"Wisconsin is appealing the overturned conviction of “Making a Murderer” subject Brendan Dassey in relation to the murder of Teresa Halbach. “We believe the magistrate judge’s decision that Brendan Dassey’s confession was coerced by investigators, and that no reasonable court could have concluded otherwise, is wrong on the facts and wrong on the law,” Attorney General Brad Schimel said. “Two state courts carefully examined the evidence and properly concluded that Brendan Dassey’s confession to sexually assaulting and murdering Teresa Halbach with his uncle, Steven Avery, was voluntary, and the investigators did not use constitutionally impermissible tactics.” Dassey, 26, was a teen when he was convicted in 2007, along with his uncle Steven Avery, of murdering Halbach in 2005. Dassey is sentenced to 41 years in prison on charges of first-degree intentional homicide, second-degree sexual assault, and mutilation of a corpse in the Manitowoc County case. He turns 27 on Oct. 19. Dassey’s confession, and the murder of Halbach in general, returned to the spotlight thanks to Netflix’s documentary series “Making a Murderer.” The 10-part show followed him and his uncle Avery’s first conviction, which landed him in prison for 18 years until he was exonerated. He was later accused of murdering Halbach, a photographer who had photographed his car for Auto Trader magazine. On Aug. 12, federal magistrate judge William E. Duffin granted Dassey’s petition for a writ of habeas corpus. Duffin wrote that the “misconduct” of Dassey’s court-appointed attorney Len Kachinsky was “indefensible.”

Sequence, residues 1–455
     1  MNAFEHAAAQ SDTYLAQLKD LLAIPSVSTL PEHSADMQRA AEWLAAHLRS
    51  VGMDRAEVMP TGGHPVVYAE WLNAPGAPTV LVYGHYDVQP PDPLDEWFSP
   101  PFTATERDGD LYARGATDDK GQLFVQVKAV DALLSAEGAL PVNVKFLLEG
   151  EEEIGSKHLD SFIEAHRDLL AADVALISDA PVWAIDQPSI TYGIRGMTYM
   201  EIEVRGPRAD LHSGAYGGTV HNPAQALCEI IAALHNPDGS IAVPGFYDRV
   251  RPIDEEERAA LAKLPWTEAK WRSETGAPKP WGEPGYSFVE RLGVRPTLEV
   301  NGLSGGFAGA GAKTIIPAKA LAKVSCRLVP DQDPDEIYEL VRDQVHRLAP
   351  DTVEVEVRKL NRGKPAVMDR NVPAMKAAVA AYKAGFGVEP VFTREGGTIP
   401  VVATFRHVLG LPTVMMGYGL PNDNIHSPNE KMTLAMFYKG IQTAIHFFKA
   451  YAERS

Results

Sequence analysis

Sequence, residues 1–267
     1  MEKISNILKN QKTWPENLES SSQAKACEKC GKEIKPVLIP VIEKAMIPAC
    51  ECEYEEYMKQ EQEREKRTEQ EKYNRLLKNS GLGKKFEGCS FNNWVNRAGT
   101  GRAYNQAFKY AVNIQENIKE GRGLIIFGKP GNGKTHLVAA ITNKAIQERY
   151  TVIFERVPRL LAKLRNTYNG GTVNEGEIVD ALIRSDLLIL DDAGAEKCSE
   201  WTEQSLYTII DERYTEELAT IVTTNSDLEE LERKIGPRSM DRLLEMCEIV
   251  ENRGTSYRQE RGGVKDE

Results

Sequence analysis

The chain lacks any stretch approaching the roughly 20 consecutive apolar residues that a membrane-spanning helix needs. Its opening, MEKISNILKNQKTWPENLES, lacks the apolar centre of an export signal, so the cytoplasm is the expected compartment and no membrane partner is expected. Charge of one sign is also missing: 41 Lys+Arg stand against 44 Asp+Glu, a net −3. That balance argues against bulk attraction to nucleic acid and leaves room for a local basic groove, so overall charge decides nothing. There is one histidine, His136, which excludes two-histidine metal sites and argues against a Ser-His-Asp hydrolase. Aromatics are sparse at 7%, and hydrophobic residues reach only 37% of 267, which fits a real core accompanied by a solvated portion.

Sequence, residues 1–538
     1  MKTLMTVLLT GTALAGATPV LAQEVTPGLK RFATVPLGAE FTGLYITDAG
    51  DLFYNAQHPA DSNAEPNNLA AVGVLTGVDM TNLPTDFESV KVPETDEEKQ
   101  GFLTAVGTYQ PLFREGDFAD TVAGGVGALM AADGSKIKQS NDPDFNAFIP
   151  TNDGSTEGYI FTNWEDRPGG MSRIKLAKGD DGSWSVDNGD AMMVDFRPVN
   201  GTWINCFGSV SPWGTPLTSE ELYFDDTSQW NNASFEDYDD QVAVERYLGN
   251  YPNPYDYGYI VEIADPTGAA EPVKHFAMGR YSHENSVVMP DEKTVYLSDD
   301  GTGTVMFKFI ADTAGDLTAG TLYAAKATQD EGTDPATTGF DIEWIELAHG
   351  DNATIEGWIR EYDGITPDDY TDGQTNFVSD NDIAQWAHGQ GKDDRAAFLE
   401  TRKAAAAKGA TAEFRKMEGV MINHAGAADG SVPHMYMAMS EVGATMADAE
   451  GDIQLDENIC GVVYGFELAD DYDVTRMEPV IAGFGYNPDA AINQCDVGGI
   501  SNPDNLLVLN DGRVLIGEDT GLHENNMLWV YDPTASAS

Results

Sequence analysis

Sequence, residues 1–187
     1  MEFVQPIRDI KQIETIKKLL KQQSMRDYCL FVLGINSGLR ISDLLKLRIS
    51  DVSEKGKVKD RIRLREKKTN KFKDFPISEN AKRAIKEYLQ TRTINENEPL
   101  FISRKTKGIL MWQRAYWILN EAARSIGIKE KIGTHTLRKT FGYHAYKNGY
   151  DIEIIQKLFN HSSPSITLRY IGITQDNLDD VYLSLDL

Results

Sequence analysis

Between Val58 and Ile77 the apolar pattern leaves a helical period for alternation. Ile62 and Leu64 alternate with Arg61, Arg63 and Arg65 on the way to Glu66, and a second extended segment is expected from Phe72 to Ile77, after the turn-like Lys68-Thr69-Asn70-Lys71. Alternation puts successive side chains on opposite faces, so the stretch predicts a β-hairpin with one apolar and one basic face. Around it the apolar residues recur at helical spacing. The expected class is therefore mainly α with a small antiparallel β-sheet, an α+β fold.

See related New York Times story at the link below: 'The 10-part Netflix series by Laura Ricciardi and Moira Demos, released in December, suggested that police investigators unfairly questioned Mr. Dassey, then 16, without a lawyer or parent present. He was portrayed as mentally unfit, and suggested investigators coerced him into a confession. Judge Duffin agreed, saying that the authorities’ conduct was unconstitutional.........The ruling does not directly affect Mr. Dassey’s uncle, Steven Avery, whose conviction was also examined in the documentary series. His new lawyer hopes new forensic testing and evidence could lead to his exoneration.